Is there anything else you would like to add?
With groups like the Heterodox Academy, there is a lot of talk right now about ideological diversity and political diversity within higher education. We know that the academy skews liberal, especially in certain fields. Students and faculty who affiliate with more conservative churches, including the LDS Church, do sometimes hold different views, for instance around issues related to gender or marriage or sexuality, than many of their more liberal or progressive peers. Many of them feel like they can’t always share their thoughts and be open about what they believe and why. But these are really intelligent people. Among the faculty, these are people who have earned Ph.D.s. Trust me, they’ve thought through these issues; they know the arguments on both sides. It’s not like they’re naive about these things. But sometimes they feel like they can’t be their whole selves because of the way the academy skews politically, socially, and culturally.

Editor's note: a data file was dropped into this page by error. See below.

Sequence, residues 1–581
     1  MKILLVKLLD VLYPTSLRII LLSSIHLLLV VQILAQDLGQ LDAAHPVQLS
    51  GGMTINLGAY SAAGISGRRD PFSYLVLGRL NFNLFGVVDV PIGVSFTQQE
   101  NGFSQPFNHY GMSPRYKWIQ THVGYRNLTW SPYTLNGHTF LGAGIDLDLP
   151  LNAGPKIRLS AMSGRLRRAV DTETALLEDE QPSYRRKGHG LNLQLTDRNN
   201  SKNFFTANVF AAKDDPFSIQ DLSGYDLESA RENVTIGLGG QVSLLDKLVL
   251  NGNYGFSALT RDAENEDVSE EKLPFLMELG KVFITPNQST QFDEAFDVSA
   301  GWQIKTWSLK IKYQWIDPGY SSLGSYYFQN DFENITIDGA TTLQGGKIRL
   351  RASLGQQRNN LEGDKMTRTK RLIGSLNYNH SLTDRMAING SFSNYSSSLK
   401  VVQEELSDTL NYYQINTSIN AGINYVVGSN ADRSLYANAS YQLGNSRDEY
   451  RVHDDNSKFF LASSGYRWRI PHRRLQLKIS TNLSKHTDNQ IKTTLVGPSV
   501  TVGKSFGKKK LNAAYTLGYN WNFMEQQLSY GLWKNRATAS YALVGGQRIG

We have to recognize that there are some fundamental tensions within some of the values we hold within the academy. We want to be inclusive, but inclusivity is sometimes challenged by the realities of diversity in all its forms. Are we inclusive of multiple viewpoints and experiences, or just certain ones that have been deemed acceptable at any given moment? I believe we need to do a better job of talking honestly about all of this. One reason the American academy is great is that traditionally it has been a place where all ideas can be discussed, debated, tested, and brought out into the open. To the degree we are not doing that, we are just hurting ourselves.